“How can you ask the party to vote for something which you yourself as prime minister and the Cabinet said they would never ever allow?”

Brexit at last or is it?

brexit latest
Brexit latest: Boris Johnson has launched an astonishing attack on Theresa May(Image: GETTY )

Brexit: the storm makes land

|GARY GIBBON, CHANNEL 4 NEWS|

AIWA! NO!|We have two documents in Downing Street being read tonight: the Withdrawal Agreement (500 pages or so) and the outline political declaration (some four pages or so).
That tells you how much work is still to be done in working out the future relationship. The negotiators haven’t even been able to hand in half their homework. The EU always said it would be like this. Brexiteers sometimes suggested the whole thing – settling the past and mapping the future – could be set out and agreed by now.

There is talk that the plans laid out for the U.K. wide temporary customs arrangement could operate like a sliding scale. You want truly friction-less trade? You have to go for extra rules from Brussels which have a single market flavour. So if you don’t do that, the logic runs, and go for something a little more light touch, that leaves Northern Ireland more subject to checks with east/west trade across the Irish Sea. This might look to some Brexiteers like an EU plan to suck the U.K. into its magnetic and regulatory orbit. And it will look to the DUP, who are sounding very war-like this evening, like the kind of betrayal they were complaining about in the letter to Theresa May – which The Times got its hands on last week.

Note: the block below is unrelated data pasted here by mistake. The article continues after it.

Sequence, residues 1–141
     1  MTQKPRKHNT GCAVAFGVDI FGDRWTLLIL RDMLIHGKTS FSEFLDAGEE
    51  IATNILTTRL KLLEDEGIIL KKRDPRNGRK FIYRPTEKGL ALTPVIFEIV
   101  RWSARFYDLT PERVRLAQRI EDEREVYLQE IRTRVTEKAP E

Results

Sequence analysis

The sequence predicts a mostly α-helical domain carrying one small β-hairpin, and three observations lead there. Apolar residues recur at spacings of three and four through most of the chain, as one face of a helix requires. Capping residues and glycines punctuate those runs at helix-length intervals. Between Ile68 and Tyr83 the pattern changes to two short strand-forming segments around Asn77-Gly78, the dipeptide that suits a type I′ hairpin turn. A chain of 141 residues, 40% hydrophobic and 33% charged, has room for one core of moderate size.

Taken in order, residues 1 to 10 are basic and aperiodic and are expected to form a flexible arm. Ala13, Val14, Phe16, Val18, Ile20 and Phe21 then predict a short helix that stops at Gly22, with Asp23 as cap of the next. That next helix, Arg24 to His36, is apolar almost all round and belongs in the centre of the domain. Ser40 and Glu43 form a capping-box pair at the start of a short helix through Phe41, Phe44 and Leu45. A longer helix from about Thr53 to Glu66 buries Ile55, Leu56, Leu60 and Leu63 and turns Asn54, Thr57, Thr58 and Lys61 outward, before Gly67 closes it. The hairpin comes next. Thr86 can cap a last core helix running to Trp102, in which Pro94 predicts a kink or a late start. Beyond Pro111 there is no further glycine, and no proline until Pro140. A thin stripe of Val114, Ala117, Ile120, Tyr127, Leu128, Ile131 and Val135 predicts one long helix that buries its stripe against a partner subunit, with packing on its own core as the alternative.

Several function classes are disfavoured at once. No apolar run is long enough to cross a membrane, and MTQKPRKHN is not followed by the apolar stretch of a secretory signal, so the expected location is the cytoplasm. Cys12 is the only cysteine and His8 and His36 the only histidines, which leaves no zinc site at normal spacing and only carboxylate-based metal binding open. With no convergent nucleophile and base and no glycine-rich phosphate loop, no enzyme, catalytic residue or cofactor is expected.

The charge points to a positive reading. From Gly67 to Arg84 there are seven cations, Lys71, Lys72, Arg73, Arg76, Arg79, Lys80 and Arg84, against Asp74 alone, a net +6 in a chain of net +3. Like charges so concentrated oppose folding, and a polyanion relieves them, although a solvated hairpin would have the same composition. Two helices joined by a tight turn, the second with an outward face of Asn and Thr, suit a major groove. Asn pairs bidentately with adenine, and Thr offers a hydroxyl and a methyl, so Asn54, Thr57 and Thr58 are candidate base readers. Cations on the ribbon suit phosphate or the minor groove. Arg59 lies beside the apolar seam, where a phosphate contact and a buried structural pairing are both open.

Ministers now have the challenge of making sense of the detail while not being allowed to take the documents away from No 10. If they choose to resign do they go big picture or hit on a detail? Or do they, as happened at Chequers, go along with sullenly only to walk out a couple of days later?

The storm that has been out at sea for months has started making land. Theresa May has decided this is as good as it gets in the time available. If she can bring the Cabinet onside without major casualties she will take it to the country and her MPs and the Commission will take it to the member states. There will be pained faces and arguments for changes to the text amongst the EU27. There will be much hotter discourse here and it started with a vengeance as the news flashed up of a “technical deal.”

The ERG leadership is deploying lines about betrayal that must box those using them into a rebellion if we get to a Commons vote you would think. And if the DUPs rhetoric is a guide to its actions, inflicting defeat would be like pushing over a house of cards.

But this is day one and the vote, if we get there, could be end of November or beginning of December under government plans.

France tells Theresa May to FORGET backstop review clause – EU will DECIDE

French Minister for European Affairs Nathalie Loiseau | Ludovic Marin/AFP via Getty Images